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Toning Your Tummy: The Best and the Worst Techniques

Written: 02/22/2008


The abdominals are one of the most loathed, yet most coveted, set of muscles that Americans want to define, but often don't know how. To be fair, it really isn't possible to "spot treat" your body and get rock-hard abs simply by doing some crunches. You must concentrate on a healthy diet and aerobic exercise first, to reduce fat and shape up your body overall, so that the work you do to tone your tummy can be seen.

However, assuming you're ready to get down to business and trim up your stomach just in time for swimsuit season, there are certain exercises that are much more effective than others (with the research to prove it).

Toning Your Tummy: The Best and the Worst Techniques

A study by researchers at San Diego State University, sponsored by the American Council on Exercise (ACE), tested 13 common abdominal exercises for muscle stimulation in the front and side abdominal muscles (the rectus abdominus and the obliques, respectively).

The exercises, some of which involved equipment (such as the "Ab Rocker"), were performed by 30 people aged 20 to 45, who exercised either daily or occasionally. Meanwhile, the activity of their muscles was monitored during the exercises using electromyography equipment.

The researchers concluded that exercises that "require constant abdominal stabilization, as well as body rotation, generated the most muscle activity in the obliques," and were, therefore, the most effective.

Meanwhile, they concluded that it's not necessary to purchase a piece of equipment to give your abs a good workout. (The only exception being if the equipment inspires you to routinely workout your abs and stick with the program.)

The Worst Exercises

Nearing the bottom of the list when it comes to ab exercises you're better of forgetting was the ever-popular crunch or sit-up.

"The problem with the sit-up is that it is ineffective," Peter Francis, Ph.D., the study's lead researcher, said.

It's ineffective because rather than relying on the abdominal muscles to sit up, most people use their hips. Meanwhile, sit-ups are notorious for straining the back, Francis says.

Other exercises that made the bottom of the list were:

  • The Torso Track: Though it was "marginally more effective" than a traditional crunch, a significant number of people experienced lower-back pain as a result.

  • The Ab Roller: This was no more effective than a traditional crunch.

  • The Ab Rocker: This was found to be up to 80 percent less effective than a traditional crunch.


"You don't have to spend $150 on a piece of exercise equipment to strengthen your abs," says Francis.

The Best Exercises for Your Abs

Following are the most effective abdominal exercises found by the study. To get the best results, Francis recommends alternating between several of the top exercises and doing a five-minute session each day.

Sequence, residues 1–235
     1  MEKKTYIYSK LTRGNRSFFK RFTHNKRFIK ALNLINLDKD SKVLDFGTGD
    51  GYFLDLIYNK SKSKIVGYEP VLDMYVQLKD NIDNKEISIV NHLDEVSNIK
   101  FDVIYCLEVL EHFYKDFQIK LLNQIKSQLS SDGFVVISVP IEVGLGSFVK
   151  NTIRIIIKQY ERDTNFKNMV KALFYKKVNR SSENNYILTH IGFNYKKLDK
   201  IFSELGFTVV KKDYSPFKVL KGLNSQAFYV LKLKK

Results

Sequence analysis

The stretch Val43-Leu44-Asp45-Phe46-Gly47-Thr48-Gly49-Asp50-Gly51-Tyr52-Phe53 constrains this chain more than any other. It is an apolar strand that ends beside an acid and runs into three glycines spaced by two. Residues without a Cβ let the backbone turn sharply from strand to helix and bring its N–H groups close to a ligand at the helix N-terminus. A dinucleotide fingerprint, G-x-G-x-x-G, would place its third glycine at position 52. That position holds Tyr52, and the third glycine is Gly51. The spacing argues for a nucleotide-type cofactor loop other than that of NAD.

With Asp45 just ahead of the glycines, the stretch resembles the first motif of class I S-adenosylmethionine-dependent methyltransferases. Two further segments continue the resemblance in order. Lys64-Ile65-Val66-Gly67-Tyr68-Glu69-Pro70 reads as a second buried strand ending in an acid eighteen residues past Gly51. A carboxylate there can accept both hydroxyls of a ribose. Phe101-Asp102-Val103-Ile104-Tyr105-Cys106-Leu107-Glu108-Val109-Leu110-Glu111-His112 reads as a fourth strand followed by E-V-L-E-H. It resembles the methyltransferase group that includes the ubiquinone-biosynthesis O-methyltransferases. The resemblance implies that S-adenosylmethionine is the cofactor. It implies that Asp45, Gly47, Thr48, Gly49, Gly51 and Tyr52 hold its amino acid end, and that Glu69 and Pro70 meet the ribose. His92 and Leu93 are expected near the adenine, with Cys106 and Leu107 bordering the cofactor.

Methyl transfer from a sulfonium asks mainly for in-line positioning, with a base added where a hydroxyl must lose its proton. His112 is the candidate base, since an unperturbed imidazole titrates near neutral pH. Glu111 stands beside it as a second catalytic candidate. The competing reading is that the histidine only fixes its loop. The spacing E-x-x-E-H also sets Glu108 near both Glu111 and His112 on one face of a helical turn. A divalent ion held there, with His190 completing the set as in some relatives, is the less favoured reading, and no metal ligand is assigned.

1. The Bicycle

    Lying flat on your back, raise your knees to a 45-degree angle. Move your legs in abicycle-pedaling motion, while touching your left elbow to your right knee, then your right elbow to your left knee.

  2. The Captain's Chair

    (This uses a piece of gym equipment.) Grip the handholds of the equipment lightly and keep your lower back pressed against the back pad. Allow your legs to dangle below, then slowly lift your knees toward your chest in a controlled motion. Slowly return your knees to the starting position.



  3. Crunch on Exercise Ball

    Lie with your back on the exercise ball so that your thighs and torso are parallel to the floor. With your hands behind your head, or crossed over your chest, tuck your chin in toward your chest and contract your abdominals. Your torso should raise no more than 45 degrees from the ball. To vary difficulty, move your feet wider apart or closer together.

  4. Vertical Leg Crunch

    These crunches (along with the reverse crunch below) put less stress on the back than typical crunches. Lying flat with your back on the floor and your hands behind your head, extend your legs straight up, crossed at the ankle with a slight bend in the knees. Lift your torso toward your knees, contracting your abdominal muscles and keeping your chin off your chest.

  5. Reverse Crunch

    Lying flat on the floor with your back on the ground, put your hands beside your head or extend them flat by your sides. Cross your feet at the ankles and lift your knees to a 90-degree angle. Press your lower back to the floor and contract your abs so your hips rotate and your legs reach toward the ceiling.

- Ryan

References:

American Council on Exercise (Picture Courtesy)

HealthAtoZ.com


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